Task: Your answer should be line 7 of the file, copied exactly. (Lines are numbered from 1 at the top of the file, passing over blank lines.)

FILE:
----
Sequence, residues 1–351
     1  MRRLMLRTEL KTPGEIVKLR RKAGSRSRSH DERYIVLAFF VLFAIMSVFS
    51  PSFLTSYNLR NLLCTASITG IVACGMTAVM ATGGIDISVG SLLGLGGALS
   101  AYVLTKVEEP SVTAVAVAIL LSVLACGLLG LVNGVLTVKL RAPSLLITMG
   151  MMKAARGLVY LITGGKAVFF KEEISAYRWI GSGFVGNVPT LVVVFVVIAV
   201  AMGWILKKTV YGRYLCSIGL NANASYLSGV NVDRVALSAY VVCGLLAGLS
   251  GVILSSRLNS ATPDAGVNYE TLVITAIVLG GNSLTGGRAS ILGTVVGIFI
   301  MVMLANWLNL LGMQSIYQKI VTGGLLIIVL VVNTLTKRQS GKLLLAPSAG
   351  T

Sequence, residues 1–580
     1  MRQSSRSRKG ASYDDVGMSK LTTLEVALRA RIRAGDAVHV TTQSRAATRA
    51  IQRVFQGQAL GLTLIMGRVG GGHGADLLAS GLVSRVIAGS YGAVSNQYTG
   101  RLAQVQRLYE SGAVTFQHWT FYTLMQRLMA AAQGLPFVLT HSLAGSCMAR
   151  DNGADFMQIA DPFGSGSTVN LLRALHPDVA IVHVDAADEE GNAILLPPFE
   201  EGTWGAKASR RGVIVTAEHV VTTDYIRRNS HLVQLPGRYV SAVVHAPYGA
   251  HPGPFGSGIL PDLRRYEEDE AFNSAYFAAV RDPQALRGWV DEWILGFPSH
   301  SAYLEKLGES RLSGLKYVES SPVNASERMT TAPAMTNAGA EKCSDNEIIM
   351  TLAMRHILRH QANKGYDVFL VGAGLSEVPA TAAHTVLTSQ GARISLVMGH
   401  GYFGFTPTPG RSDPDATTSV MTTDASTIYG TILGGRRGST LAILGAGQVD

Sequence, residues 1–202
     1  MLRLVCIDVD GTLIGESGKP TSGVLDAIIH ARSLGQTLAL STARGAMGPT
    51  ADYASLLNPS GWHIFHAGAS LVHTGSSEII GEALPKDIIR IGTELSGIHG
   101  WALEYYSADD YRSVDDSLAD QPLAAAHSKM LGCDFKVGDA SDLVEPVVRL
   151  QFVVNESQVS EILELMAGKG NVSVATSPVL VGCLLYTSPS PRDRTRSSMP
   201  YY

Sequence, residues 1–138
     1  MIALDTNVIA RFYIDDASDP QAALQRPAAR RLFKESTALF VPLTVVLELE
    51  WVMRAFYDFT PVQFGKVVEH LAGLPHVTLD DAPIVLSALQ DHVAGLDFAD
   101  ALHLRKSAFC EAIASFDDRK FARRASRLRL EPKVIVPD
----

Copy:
   251  GVILSSRLNS ATPDAGVNYE TLVITAIVLG GNSLTGGRAS ILGTVVGIFI